TotalEnergies seems to be trying to become a true energy company by investing in major sustainability initiatives such as renewable fuels, power generation and recycling, but the bottom line is that TotalEnergies has also committed to spending USD 81 billion on new oil and gas fields. 

ENI Italy

We are an integrated energy company whose dedication to the energy transition translates into tangible actions aimed at achieving the total decarbonization of products and processes by 2050.

In 2017 ENI signed an agreement with Statoil (now Equinor) to explore the integration of renewable energy solutions (mainly offshore wind) into existing oil and gas fields. With renewables playing a central role in its strategy, ENI aims to invest in, and develop, renewable energy projects where the company has technological and geographical synergies with its core business, such as solar PV, wind and biofuels.


Previously Statoil, this Norwegian company has rapidly transitioned towards being a sustainable energy company. As mentioned previously,  it has levered its offshore oil technology to create carbon capture facilities, which even includes for capture of emissions from cement plants. In the US it is working with US Steel to explore the possibility of undertaking CCS and hydrogen development in Ohio, Pennsylvania and West Virginia.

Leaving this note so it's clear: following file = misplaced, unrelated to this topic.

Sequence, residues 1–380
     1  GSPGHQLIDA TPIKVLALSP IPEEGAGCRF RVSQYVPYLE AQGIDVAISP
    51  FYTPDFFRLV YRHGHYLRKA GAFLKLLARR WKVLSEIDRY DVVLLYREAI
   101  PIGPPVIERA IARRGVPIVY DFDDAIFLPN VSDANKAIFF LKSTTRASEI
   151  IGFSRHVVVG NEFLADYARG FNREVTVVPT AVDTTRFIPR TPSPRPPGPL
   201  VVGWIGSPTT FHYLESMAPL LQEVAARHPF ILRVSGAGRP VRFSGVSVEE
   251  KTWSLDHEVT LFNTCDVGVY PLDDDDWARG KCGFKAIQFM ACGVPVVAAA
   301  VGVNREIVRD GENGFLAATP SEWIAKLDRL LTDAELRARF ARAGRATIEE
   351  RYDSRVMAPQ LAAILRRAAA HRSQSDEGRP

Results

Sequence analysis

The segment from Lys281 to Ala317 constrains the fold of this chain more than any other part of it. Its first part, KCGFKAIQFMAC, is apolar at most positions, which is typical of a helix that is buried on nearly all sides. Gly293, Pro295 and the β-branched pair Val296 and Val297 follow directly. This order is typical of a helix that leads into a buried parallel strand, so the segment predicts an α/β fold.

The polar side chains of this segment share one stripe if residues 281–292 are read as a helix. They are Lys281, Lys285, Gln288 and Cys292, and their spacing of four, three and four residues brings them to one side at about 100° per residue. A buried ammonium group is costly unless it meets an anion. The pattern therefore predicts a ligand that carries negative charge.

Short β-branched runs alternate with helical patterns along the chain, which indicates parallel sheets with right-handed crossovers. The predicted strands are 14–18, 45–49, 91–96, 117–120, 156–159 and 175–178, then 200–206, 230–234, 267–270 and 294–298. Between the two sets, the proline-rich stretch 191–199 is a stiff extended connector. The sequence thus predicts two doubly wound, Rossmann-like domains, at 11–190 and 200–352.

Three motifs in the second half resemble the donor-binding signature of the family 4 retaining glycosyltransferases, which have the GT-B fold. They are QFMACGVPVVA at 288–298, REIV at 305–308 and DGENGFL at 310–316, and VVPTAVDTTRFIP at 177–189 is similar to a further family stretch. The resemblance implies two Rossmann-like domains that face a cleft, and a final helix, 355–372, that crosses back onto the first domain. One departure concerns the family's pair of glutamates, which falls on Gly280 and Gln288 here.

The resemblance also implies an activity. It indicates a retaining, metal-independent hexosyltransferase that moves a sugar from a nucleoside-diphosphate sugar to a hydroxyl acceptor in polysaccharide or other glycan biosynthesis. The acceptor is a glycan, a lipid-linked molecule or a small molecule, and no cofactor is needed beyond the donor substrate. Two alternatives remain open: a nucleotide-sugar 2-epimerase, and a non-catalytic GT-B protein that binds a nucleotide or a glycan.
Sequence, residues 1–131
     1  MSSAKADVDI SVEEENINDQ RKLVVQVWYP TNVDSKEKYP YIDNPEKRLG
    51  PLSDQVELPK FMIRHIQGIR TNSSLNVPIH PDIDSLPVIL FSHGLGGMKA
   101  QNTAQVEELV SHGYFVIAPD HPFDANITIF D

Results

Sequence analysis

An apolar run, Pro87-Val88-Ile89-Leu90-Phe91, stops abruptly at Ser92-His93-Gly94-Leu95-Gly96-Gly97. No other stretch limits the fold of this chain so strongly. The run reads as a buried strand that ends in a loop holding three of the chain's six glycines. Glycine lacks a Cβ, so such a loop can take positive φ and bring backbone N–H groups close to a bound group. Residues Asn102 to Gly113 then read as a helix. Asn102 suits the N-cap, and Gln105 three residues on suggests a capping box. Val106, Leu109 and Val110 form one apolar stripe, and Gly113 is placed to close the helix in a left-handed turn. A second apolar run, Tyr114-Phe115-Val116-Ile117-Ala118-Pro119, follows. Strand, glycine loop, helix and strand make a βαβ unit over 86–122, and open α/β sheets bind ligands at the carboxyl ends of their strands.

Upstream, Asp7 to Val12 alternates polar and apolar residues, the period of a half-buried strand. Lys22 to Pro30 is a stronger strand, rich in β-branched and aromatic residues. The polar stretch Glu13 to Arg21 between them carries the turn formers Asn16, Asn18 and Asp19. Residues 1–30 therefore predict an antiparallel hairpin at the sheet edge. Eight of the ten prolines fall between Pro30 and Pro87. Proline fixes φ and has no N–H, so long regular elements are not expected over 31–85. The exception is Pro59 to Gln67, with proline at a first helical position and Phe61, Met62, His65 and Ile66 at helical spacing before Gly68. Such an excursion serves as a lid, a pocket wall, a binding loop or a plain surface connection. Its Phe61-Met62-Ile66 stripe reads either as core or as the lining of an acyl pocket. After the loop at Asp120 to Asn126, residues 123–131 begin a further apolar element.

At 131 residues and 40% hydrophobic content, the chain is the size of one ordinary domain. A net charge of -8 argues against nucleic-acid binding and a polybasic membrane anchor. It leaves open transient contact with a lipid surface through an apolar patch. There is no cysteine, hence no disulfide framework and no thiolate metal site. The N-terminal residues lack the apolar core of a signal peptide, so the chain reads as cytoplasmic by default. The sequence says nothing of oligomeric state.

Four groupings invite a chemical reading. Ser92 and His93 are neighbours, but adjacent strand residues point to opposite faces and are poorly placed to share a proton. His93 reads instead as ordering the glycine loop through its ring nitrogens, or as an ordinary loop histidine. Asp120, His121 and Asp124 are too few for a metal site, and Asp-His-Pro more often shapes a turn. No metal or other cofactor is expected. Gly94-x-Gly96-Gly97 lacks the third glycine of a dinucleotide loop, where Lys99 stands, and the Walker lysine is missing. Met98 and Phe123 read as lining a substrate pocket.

Equinor also plans to expand its acquisition of wind acreage while continuing to leverage its position in offshore wind and  CCS development.

National companies

United Arab Emirates

Using their petro-dollars, the United Arab Emirates have made some bold moves towards sustainability. They have invested in a large nuclear power station, as well as the biggest water desalination plant in the world, and are also rapidly developing solar power.  


National Oil Company Qatar Petroleum has changed its name to QatarEnergy and is rapidly developing more gas fields. Liquefied Natural Gas (LNG) is exported while low grade gas is fed into the national gas system for use in power generation, fertilizer manufacture (the biggest in the world), as well as aluminium and cement production. Boil Off Gas (BOG) from the loading of LNG tankers is captured and fed back into the process. LNG is far less offensive than coal, and aging coal-fired stations can be quickly replaced by gas-fired power stations. 

The Al Kharsaah Solar PV Independent Power Producer (IPP) Project is the country’s first large-scale solar power plant (800 MWp) and is set to significantly reduce its environmental footprint. TotalEnergies and Marubeni have a 40% share.

It is interesting to note that QatarEnergy has partnered with TotalEnergies, ENI, ConocoPhillips and ExxonMobil in the North Field East (NFE) expansion project, the single largest project in the history of the LNG industry.

The GAP: What needs to be done?

Astonishingly, there is currently no national pressure on oil and gas companies in the US to reduce their oil and gas activities. On the contrary, with mid-term elections around the corner, the government is asking for an increase in production to reduce the price of gasoline, in an effort to curry favour with voters.  The Europeans appear to be somewhat more consistent with the implementation of the Green Deal to ensure that the EU to becomes the first climate neutral continent by 2050.

What is required is a drastic reduction in consumption of oil and gas.